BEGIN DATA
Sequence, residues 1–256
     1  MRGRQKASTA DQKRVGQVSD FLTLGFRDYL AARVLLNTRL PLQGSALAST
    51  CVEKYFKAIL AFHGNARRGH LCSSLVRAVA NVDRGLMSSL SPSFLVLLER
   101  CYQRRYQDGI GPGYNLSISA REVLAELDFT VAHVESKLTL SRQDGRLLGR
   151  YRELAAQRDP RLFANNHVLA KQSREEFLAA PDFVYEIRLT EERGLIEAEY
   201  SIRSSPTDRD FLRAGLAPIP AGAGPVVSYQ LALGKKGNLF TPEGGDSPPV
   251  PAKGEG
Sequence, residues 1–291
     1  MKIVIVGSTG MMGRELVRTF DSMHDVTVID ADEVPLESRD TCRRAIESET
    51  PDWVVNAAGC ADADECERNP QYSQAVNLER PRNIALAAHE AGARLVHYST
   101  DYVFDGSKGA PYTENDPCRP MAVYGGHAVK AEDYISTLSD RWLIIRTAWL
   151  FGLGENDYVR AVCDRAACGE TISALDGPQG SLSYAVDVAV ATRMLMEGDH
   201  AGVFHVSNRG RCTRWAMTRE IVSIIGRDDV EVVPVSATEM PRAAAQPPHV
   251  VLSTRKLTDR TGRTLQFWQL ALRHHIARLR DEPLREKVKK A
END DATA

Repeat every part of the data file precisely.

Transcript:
Sequence, residues 1–256
     1  MRGRQKASTA DQKRVGQVSD FLTLGFRDYL AARVLLNTRL PLQGSALAST
    51  CVEKYFKAIL AFHGNARRGH LCSSLVRAVA NVDRGLMSSL SPSFLVLLER
   101  CYQRRYQDGI GPGYNLSISA REVLAELDFT VAHVESKLTL SRQDGRLLGR
   151  YRELAAQRDP RLFANNHVLA KQSREEFLAA PDFVYEIRLT EERGLIEAEY
   201  SIRSSPTDRD FLRAGLAPIP AGAGPVVSYQ LALGKKGNLF TPEGGDSPPV
   251  PAKGEG
Sequence, residues 1–291
     1  MKIVIVGSTG MMGRELVRTF DSMHDVTVID ADEVPLESRD TCRRAIESET
    51  PDWVVNAAGC ADADECERNP QYSQAVNLER PRNIALAAHE AGARLVHYST
   101  DYVFDGSKGA PYTENDPCRP MAVYGGHAVK AEDYISTLSD RWLIIRTAWL
   151  FGLGENDYVR AVCDRAACGE TISALDGPQG SLSYAVDVAV ATRMLMEGDH
   201  AGVFHVSNRG RCTRWAMTRE IVSIIGRDDV EVVPVSATEM PRAAAQPPHV
   251  VLSTRKLTDR TGRTLQFWQL ALRHHIARLR DEPLREKVKK A